Home Feature Motorcycle tourism accelerates economic outflow in Pueblos Mágicos across Mexico

Motorcycle tourism accelerates economic outflow in Pueblos Mágicos across Mexico

by Yucatan Times
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Biker Clubs create the Rodando Rutas Mágicas program to tour the 132 Magic Towns in Mexico. This initiative will make tourism activity grow by 20% and will generate 5% of local consumption, according to Sectur.

Adrenaline flows in tune with the engine; the feeling of freedom along with all kinds of landscapes stimulates the senses, the experience, and the love for nature. This is moto-tourism, a hobby sport that comes to life after the pandemic and with rallies and tours through magic towns, archeological zones, and beach destinations.

As tourism activity resumes after the pandemic, motorcycle clubs begin to hit the road again. Program Rodando Rutas Mágicas (RRM) is proof of this. Created in 2014 by motorcyclist Daniel Castillo Martínez, El Fantasma, who has toured practically every archeological zone and pueblo mágico in the country.

“Our motorcycling is not only responsible but it is also focused on strengthening friendship bonds and promoting tourism in the 132 Pueblos Mágicos. Drunk motorcyclist hordes are a thing of the past, clandestine races or trouble-maker bikers are long gone and forgotten; we do not want that image anymore, we reproach it and that is why we are organizing”, El Fantasma declared.

The main condition for registering for RRM is to have the necessary safety equipment, updated papers such as driver’s license and insurance, as well as a motorcycle in perfect condition that does not endanger the life o the rider, passengers, or other group members.

For the Secretaría de Turismo (Sectur), motorcycle tourism is a key element of the tourism industry recovery, which before the pandemic had an annual growth rate of 16% per year.

This year, Sectur estimates that it will grow up to 20%, whereas from the total expected tourism consumption of US $146 billion, motorcycle tourism will contribute 3% to 5% to local economies.

Those who are interested in participating in Rodando Rutas Mágicas must register on the program’s website; once the application is submitted, their safety equipment, papers, and participating motorcycles will be reviewed. To prove their visit to a Pueblo Mágico, a photo must be taken in a certain spot alongside the motorcycle, carrying the RRM flag and the official bracelet.

The annual membership fee is $650 Mexican pesos ($32 USD), and it is possible to participate individually or with a group. Upon uploading the first two pictures from the Pueblo Mágico’s visit, the RRM platform notifies the administration, and the first central patch is awarded; after uploading six pictures, another part of the patch is granted, and so on, until completing 26 visits, when the Rider’s Degree is obtained.

Daniel Castillo explains that there are also more degrees and recognitions for those who continue uploading pictures of their visits until they reach 132, in which they obtain the total number of patches and the status of moto-tourist of excellence, winner of the challenge that may involve trips of more than 50,000 km.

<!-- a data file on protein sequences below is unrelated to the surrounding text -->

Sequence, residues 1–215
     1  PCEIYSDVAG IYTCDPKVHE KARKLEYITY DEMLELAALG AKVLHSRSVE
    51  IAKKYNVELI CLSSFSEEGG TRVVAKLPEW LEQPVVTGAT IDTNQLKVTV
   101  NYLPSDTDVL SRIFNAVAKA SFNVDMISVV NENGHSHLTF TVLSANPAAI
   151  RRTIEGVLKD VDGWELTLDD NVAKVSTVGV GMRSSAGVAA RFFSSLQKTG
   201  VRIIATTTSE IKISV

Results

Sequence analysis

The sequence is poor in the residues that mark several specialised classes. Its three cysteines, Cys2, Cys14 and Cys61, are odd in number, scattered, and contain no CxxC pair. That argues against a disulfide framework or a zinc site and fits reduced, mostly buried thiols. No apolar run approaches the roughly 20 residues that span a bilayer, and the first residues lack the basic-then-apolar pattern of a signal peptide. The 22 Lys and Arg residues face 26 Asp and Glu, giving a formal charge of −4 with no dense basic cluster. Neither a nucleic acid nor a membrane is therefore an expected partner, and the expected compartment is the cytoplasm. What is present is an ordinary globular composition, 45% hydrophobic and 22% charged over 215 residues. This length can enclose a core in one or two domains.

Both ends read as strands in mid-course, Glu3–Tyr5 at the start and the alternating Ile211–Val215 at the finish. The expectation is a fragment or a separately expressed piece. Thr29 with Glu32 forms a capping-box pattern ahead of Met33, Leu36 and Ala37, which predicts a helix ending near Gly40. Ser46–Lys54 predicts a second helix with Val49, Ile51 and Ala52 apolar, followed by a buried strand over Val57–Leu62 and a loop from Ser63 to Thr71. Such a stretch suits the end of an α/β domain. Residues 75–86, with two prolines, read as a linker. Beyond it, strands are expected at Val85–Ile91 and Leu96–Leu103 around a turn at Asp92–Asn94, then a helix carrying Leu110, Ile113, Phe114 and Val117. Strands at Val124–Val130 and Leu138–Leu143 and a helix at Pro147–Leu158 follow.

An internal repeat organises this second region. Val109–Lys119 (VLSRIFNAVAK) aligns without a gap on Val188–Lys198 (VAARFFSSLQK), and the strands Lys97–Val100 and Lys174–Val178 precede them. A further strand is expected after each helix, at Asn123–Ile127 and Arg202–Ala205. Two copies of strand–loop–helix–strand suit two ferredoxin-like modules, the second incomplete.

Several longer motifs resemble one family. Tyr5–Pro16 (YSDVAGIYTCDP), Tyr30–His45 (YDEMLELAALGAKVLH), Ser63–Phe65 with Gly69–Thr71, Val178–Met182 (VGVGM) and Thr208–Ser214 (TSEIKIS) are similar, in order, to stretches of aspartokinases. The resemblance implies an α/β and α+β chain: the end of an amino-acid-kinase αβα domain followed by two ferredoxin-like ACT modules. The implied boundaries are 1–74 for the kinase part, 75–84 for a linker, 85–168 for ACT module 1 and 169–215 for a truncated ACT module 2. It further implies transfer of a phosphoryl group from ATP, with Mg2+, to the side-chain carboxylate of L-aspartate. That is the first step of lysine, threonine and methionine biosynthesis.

Along with this extraordinary challenge, out of the 3,000 bikers registered in RRM, only 42 have managed to complete the whole course, events continue to be organized such as the Sexto Rally of 500 km which will start in Queretaro on September 24th, and the Ruta de Los Volcanes ride on Sunday, October 2nd, which involves reaching the highest point of the Paso de Cortés and a visit to the Tlaxaloni Ecotourism Park, where a commemorative patch will be given on behalf of “1,200 Sentimientos Cúbicos”, the largest biker brotherhood in the country.

David Aguilar Juárez, road captain of Inquebrantables MC, with more than 25 years of riding in all corners of the country, states that brotherhood and discipline are an essential part of the club and regrets the events that occurred on August 15 last year on the Cuernavaca highway when several motorcyclists died due to speeding after colliding with trucks and automobiles.

“Here in this club and in many others, the first thing is respect for traffic regulations; it is strictly forbidden to exceed the maximum speed limits, and to be a member of the club you must prove driving clinics, obtain a certification and ride a minimum of six thousand kilometers as a group; only then will you be entitled to our organization’s vest.”

“In our club, we travel the roads with a lot of responsibility because our essential purpose is coexistence and companionship. I have already visited 68 magical towns out of the 132; the challenge is very interesting because besides getting to know the attractions of the country, it gives me the opportunity to make more friends and spend time with my family”, he continued.

Finally, Aguilar Juarez stated that although traveling by motorcycle has its risks due to possible mechanical failures, falls or insecurity on the roads, there are also positive points such as lower gasoline costs, a fifty percent discount on toll roads, and the freedom to circulate on trails or paths.

“This is a pleasure of adventure and freedom that fortunately continues to rise, but with bikers more aware of their responsibility when driving a motorcycle across the Mexican Republic”, he concluded.

TYT Newsroom

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